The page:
Abstract

Background and Objectives: The outcome of patients with B-cell post-transplant lymphoproliferative disorders (PTLD) has improved with the introduction of rituximab as first line therapy. The purpose of this report is to provide longer follow-up of the phase II trial (González-Barca et al, Hematologica 2008;92:1489) with extended doses of rituximab in patients with PTLD after solid organ transplantation, and to compare these results with a cohort of patients diagnosed of PTLD after the trial was closed, and treated in real life with the same therapeutic regimen.

Patients and Methods: The phase II trial included 38 patients that were treated with reduction of immunosuppression and four to eight weekly infusions of rituximab. Patients without complete response (CR) or progression were allowed to receive a short course of 3-4 cycles of R-CHOP /R-CHOP-like chemotherapy. A cohort of 21 pts treated with the same regimen in real life was used for comparative purposes. The real life patients were significantly older (median age 63.0 vs 55.4 yrs, p=0.013), but all the other characteristics at diagnosis were comparable. Response was evaluated with CT scans in patients included in the clinical trial and with PET/CT in 86% of real life patients. Progression free survival (PFS) was calculated from the time of diagnosis to the time of progression / relapse or death due to lymphoma; deaths from other causes were censored. Predictive factors for CR to rituximab were analyzed with a binary logistic regression model. Univariate analysis for survival was performed with Kaplan-Meier estimation and Log-rank test, and multivariate analysis with a Cox regression model. Factors included in the different analyses were: age, gender, Ann Harbor stage, graft involvement, bulky disease, extranodal involvement, B symptoms, ECOG, LDH, and time from transplant to PTLD.

Results: Twenty-three (60.5%) out of 38 patients treated within the clinical trial achieved a CR/CRu after rituximab treatment. With a median follow-up for the alive patients of 13.0 yrs, 21 (55.3%) died; 13 (34%) due to progression, 3 due to infections (pneumonia, hepatic abscesses, septic shock), 1 of a secondary malignancy, a Hodgkin Lymphoma. PFS at 5 and 10 yrs was 68.6% (95%CI: 52.9% - 84.3%) and 64.7% (95%CI: 48.2% - 81.2%), respectively. Overall survival (OS) at 10 yrs was 49.5% (95%CI: 32.8% - 66.2%). For those patients that achieved a CR with rituximab, PFS at 5 and 10 yrs was 94.4% (95%CI: 83.8% - 100%) and 88.1% (95%CI: 72.6% - 100 %), respectively. Among the 21 real life patients, 8 (38.1%) achieved CR with rituximab. With a median follow-up for the alive patients of 6.5 yrs, 7 (33%) patients died; 4 (19%) due to progression. PFS and OS at 5 yrs was 75.2% (95%CI: 56.4% - 94.0%) and 62.7% (95%CI: 40.4% - 85.0%), respectively. PFS at 5 yrs was 87.5% (95%CI 64.6% - 100%) in those patients that achieved CR with rituximab. Factors that could predict a CR to rituximab therapy were not found. ECOG 2-4 was the only significant independent prognostic factor for DFS [HR 3.2 (95%CI 1.05-9.3)]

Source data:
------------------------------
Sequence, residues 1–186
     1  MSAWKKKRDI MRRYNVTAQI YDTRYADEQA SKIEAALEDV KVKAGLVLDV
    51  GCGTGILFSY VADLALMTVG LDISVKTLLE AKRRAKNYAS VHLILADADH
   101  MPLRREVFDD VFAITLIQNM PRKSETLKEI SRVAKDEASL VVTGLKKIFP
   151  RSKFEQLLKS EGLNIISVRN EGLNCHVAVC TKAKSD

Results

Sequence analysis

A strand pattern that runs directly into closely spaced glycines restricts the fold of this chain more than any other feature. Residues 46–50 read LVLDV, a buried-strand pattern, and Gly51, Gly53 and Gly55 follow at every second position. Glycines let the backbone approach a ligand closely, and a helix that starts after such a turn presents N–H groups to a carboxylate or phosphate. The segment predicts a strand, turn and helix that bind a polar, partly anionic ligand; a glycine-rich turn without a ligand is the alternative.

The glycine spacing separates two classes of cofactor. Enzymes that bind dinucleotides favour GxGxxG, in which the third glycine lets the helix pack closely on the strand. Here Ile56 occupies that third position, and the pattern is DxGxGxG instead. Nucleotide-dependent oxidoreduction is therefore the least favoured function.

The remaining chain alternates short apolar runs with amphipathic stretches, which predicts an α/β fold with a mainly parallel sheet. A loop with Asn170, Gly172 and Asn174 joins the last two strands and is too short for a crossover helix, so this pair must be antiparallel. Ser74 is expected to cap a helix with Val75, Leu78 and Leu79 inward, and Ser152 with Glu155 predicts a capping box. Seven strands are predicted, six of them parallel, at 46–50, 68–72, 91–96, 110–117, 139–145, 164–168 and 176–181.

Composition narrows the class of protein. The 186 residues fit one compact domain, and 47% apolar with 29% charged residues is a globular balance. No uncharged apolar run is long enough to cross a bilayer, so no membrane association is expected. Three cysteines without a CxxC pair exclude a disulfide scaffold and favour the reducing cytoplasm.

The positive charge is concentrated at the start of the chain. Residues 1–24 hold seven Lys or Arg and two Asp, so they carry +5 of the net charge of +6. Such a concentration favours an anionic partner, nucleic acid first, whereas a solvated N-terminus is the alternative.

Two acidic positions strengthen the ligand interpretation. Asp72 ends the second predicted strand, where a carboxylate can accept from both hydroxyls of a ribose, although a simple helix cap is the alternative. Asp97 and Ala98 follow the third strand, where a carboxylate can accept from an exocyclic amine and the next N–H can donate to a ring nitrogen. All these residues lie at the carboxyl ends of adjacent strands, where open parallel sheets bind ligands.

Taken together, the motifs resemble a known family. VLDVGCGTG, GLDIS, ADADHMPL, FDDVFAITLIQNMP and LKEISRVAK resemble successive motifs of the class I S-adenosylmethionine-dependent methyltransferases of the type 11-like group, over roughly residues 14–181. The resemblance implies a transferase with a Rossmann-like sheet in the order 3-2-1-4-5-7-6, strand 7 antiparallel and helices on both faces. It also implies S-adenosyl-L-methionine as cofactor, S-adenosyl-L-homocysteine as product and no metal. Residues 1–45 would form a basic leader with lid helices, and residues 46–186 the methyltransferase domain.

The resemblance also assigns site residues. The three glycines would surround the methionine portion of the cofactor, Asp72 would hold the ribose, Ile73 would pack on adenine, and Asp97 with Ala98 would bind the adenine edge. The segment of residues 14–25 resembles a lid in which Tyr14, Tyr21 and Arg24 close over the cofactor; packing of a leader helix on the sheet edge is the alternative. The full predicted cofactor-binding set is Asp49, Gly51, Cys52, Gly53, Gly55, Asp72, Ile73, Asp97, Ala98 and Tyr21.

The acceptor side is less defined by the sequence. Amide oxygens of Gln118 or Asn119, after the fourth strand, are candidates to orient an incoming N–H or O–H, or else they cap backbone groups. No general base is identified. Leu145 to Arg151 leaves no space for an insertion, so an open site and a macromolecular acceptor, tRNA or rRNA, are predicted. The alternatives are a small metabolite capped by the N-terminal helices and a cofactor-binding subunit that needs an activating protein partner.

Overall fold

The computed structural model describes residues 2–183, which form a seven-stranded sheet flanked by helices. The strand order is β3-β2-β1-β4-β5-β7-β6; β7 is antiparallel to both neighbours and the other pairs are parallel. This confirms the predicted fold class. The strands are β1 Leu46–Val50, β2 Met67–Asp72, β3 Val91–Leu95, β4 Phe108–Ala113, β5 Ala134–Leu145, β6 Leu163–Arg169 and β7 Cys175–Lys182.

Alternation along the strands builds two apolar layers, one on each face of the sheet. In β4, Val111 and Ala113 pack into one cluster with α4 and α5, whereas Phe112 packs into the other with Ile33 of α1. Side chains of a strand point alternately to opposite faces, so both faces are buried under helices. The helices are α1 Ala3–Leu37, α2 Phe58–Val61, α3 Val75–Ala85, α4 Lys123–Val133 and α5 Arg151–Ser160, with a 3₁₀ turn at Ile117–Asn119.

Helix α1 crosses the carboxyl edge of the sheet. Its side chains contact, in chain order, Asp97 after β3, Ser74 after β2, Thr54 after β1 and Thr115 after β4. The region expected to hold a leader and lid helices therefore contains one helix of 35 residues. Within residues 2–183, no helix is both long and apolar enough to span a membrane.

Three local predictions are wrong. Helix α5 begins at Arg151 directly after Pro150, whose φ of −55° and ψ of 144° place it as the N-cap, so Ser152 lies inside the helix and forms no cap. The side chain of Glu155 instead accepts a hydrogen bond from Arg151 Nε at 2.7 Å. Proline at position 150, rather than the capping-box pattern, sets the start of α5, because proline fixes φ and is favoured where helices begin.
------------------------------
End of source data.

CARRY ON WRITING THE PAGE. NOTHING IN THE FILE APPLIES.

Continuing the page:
Conclusions: Patients with PTLD who achieve CR with rituximab monotherapy have an excellent long term outcome in both clinical trial and real life; unfortunately, factors at diagnosis that could predict response to rituximab were not found. Patients with prolonged CR have a very low risk of progression after 5 years. However, around one third of PTLD patients still die due to progressive disease. Patients that do not achieve a CR with rituximab should be included in prospective clinical trials.

Disclosures

Gonzalez-Barca: Gilead: Consultancy; Sandoz: Consultancy; Janssen: Speakers Bureau; Roche: Speakers Bureau. Capote Huelva: Roche: Speakers Bureau; Janssen: Speakers Bureau; Celgene: Speakers Bureau; Takeda: Speakers Bureau. Gomez Codina: Roche: Consultancy. Salar: Roche: Speakers Bureau; Janssen: Speakers Bureau; Servier: Speakers Bureau. Ribera: Janssen: Honoraria; Gilead: Honoraria; Celgene: Honoraria; Amgen Inc.: Research Funding, Speakers Bureau; Pfizer: Research Funding, Speakers Bureau; Roche: Honoraria; ARIAD: Research Funding, Speakers Bureau; Incyte: Research Funding, Speakers Bureau.

Author notes

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Asterisk with author names denotes non-ASH members.